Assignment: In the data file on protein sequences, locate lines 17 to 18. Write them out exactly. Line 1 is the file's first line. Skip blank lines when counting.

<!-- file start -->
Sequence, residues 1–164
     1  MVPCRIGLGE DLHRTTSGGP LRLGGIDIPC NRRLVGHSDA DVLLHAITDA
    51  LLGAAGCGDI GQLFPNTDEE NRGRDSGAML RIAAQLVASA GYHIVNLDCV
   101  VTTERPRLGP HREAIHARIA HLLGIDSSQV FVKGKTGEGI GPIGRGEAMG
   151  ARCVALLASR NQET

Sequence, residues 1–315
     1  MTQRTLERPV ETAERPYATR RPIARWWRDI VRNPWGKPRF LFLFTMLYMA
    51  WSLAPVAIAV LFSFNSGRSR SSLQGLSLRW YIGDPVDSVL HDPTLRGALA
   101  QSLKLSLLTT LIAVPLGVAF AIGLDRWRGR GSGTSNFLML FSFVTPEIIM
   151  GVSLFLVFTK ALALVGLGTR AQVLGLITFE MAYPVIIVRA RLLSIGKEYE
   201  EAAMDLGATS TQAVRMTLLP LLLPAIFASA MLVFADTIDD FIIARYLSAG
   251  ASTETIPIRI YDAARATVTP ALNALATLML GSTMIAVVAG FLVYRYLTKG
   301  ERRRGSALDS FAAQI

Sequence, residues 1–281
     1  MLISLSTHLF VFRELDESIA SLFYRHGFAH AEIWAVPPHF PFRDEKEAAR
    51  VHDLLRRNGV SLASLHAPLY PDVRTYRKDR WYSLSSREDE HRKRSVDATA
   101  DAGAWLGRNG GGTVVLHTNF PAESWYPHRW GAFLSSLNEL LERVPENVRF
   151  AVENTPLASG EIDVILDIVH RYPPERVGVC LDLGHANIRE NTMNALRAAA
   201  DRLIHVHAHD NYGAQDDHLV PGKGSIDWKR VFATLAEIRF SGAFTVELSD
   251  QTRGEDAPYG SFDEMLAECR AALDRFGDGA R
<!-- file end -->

   101  DAGAWLGRNG GGTVVLHTNF PAESWYPHRW GAFLSSLNEL LERVPENVRF
   151  AVENTPLASG EIDVILDIVH RYPPERVGVC LDLGHANIRE NTMNALRAAA